This Act, consisting of 5 Parts and three Schedules, provides for the following aspects of forestry assets: management of the Crown’s forest assets; the transfer of those assets while at the same time protecting the claims of Maori under the Treaty of Waitangi Act 1975; in the case of successful claims by Maori under that Act, the transfer of Crown forest land to Maori ownership and for payment by the Crown to Maori of compensation; and other incidental matters.It is divided into the following Parts: Crown forest land (I); Crown forestry assets and Crown forestry licences (II); Return of Crown forest land to Maori ownership and compensation (III); Amendments to Treaty of Waitangi Act 1975 (IV); Amendments of other Acts (V). The Schedules are divided as follows: Compensation payable to Maori (1); Maori owned land that is not Crown forest land (2); Initial term of Crown forestry licences (3).Schedule 1: Compensation payable to Maori; Schedule 2: Maori owned land that is not Crown forest land; Schedule 3: Initial term of Crown forestry licences. Interesting provisions as to protective covenants in all Crown forestry licences are contained in sections 18-23.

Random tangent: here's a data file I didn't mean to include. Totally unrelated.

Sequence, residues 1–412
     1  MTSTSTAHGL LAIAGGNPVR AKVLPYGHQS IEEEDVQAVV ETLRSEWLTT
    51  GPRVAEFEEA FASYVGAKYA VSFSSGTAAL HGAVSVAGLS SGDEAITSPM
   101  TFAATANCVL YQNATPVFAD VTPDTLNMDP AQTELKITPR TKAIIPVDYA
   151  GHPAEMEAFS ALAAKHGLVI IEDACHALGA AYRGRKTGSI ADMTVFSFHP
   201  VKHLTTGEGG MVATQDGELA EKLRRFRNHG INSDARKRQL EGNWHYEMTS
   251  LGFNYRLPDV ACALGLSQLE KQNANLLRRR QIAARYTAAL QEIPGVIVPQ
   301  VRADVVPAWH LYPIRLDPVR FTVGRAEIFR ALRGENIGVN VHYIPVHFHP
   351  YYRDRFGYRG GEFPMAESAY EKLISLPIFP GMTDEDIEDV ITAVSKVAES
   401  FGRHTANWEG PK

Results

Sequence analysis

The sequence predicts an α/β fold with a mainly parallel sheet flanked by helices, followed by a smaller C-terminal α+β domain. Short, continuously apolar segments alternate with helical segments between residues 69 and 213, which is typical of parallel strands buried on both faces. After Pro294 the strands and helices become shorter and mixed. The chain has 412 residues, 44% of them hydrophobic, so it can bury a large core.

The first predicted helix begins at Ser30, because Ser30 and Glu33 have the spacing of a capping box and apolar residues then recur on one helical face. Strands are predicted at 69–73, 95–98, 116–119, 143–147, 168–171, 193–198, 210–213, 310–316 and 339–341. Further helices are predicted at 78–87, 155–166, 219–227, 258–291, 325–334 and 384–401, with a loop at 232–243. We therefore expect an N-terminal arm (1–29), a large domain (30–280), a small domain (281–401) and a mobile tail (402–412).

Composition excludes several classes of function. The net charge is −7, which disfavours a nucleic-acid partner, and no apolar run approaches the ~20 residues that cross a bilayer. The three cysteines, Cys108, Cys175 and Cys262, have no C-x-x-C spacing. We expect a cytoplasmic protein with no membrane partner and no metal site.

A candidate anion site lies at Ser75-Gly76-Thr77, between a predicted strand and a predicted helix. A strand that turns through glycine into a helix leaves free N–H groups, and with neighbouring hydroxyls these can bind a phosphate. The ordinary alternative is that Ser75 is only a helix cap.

Auteurs et éditeurs
The Polynesian Maori reached New Zealand in about A.D. 800. In 1840, their chieftains entered into a compact with Britain, the Treaty of Waitangi, in which they ceded sovereignty to Queen Victoria while retaining territorial rights. That same year, the British began the first organized colonial settlement. A series of land wars between 1843 and 1872 ended with the defeat of the native peoples. The British colony of New Zealand became an independent dominion in 1907 and supported the UK militarily in both world wars.